What if Roe is reversed?
The political landscape would change, but abortion will remain as a political issue.
The Supreme Court listened to oral arguments on Dobbs v. Jackson Women’s Health Organization this week. The case is colloquially known as “the Mississippi abortion case” and hopes are high among the pro-life community that the Court will use the case to strike down precedents such as Roe v. Wade and Planned Parenthood v. Casey that define American abortion jurisprudence.
Personally, I am pro-life and believe that Roe was bad law, but I’m skeptical that there will be a pro-life grand slam. It is a real possibility, however. Court watchers who listened to the oral arguments and are now reading tea leaves to determine how each justice will vote see a strong chance that the Mississippi law will be upheld and that there will be at least a partial rollback of abortion rights.
It’s important to note that, at this point, no one knows how the case will be decided. The justices have not even taken a preliminary vote to see where everyone stands. The process of reaching a majority decision takes several months.
So what happens if Roe is overturned? The most obvious answer is that many pro-lifers would ultimately be disappointed because overturning Roe would not mean that there would be a national abortion ban. Rather, the issue would revert to the states, which would have an expanded authority to regulate and restrict abortions. We would probably see about 50 different abortion laws that would vary from very permissive to outright bans.
Overturning Roe would have very little effect on pro-choice states. Liberal abortion laws would stay in force and clinics in these states might even see a surge in business as pro-life states crack down. Pro-choice charities would help to fund trips for red-state women to pro-choice areas.
Politicians in red states would be placed in an awkward position. For decades now, pro-life politicians have taken the position that they would ban abortion if they could. They could even pass restrictive abortion laws knowing that the courts would never allow them to take effect.
In the aftermath of a Roe reversal, the wheat would be separated from the chaff. Some pro-life politicians would be revealed to be pro-life in name only. When the chips are down, there might be quite a few politicos who aren’t ready to vote for an abortion ban, especially given the intense pressure that interest groups on both sides would place on such a vote. Many moderate voters in red-states are not crazy about the idea of restrictive abortion laws.
A large part of the abortion battle would move to the states where new restrictions were being considered. Rather than having the abortion battle fought in Congress and the Supreme Court, the battleground would be state legislatures. This isn’t a bad thing. In fact, it’s really what the Founders intended (the issue of abortion probably being horrific to them notwithstanding).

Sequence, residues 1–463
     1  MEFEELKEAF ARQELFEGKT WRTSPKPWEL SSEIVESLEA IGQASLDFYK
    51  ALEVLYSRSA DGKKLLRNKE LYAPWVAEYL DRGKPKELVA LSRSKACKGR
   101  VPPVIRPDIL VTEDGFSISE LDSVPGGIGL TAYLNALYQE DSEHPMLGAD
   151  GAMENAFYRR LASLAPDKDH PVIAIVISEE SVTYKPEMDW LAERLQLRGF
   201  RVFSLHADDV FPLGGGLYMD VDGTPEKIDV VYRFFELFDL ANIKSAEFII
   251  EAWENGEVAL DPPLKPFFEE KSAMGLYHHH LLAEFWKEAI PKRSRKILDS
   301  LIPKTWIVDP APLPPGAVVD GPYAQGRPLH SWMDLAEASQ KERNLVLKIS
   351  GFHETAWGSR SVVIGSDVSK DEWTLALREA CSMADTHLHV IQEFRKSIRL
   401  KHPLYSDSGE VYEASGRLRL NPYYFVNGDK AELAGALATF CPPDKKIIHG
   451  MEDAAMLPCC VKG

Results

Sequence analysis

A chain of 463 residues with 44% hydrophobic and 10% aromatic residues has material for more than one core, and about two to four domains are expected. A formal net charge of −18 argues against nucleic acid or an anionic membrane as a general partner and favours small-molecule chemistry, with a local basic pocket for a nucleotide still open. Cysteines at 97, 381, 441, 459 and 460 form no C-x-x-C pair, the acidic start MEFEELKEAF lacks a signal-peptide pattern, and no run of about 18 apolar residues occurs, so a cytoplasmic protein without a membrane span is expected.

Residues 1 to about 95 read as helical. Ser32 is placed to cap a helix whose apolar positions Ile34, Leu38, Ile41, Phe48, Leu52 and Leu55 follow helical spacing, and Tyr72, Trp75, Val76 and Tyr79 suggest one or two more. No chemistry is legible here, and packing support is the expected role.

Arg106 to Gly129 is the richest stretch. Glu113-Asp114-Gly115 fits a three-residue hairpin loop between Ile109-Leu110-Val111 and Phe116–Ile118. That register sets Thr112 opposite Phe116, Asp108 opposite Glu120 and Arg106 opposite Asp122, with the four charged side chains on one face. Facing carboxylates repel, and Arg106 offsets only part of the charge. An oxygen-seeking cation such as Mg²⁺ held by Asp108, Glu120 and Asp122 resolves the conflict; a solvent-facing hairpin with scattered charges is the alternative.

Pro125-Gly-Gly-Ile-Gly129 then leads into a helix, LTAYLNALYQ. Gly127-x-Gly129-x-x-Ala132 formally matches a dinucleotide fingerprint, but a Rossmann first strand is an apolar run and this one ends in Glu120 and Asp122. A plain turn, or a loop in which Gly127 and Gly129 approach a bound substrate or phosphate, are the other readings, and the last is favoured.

But this doesn’t mean that Congress would be totally off the hook. Democrats are already planning to campaign on a bill that would codify Roe in 2022. It’s likely that congressional Republicans would respond with a bill that would ban abortions nationally.
Both bills would be mostly political theater for fundraising, however. As long as the nation remains divided on the issue and the filibuster remains in place, the chances of either side passing a bill to enshrine its abortion preferences into law is about as likely as Donald Trump suddenly finding his missing votes and being sworn in as president. That is to say, it ain’t gonna happen.
Finally, there is a possible change to the national political dynamic that could come from overturning Roe that could be surprising. Over the last few elections, I talked to a lot of people who didn’t like Trump or the Republicans but planned to vote for them because of abortion. An unintended consequence of overturning Roe could be that this stumbling block is removed. If the main reason to vote Republican was to put justices on the Court that would overturn Roe and that mission is accomplished with state-level Republicans passing pro-life laws, there might be a lot less incentive to vote for and donate to bad Republican candidates.
It is not a fait accompli that Roe will fall. I still think that the Court may move the ball downfield toward a reversal but stop short of going all the way to the end zone. No matter how the Court rules, however, it is going to be a bombshell that reverberates through the political landscape.
And the abortion battle won’t end. There will be legislative fights in the red states while pro-life groups will have to concentrate on winning hearts, minds, and ultimately votes in blue states. Whatever the promises that have been made, for better or for worse, abortion will not be ended by judicial fiat from on high.
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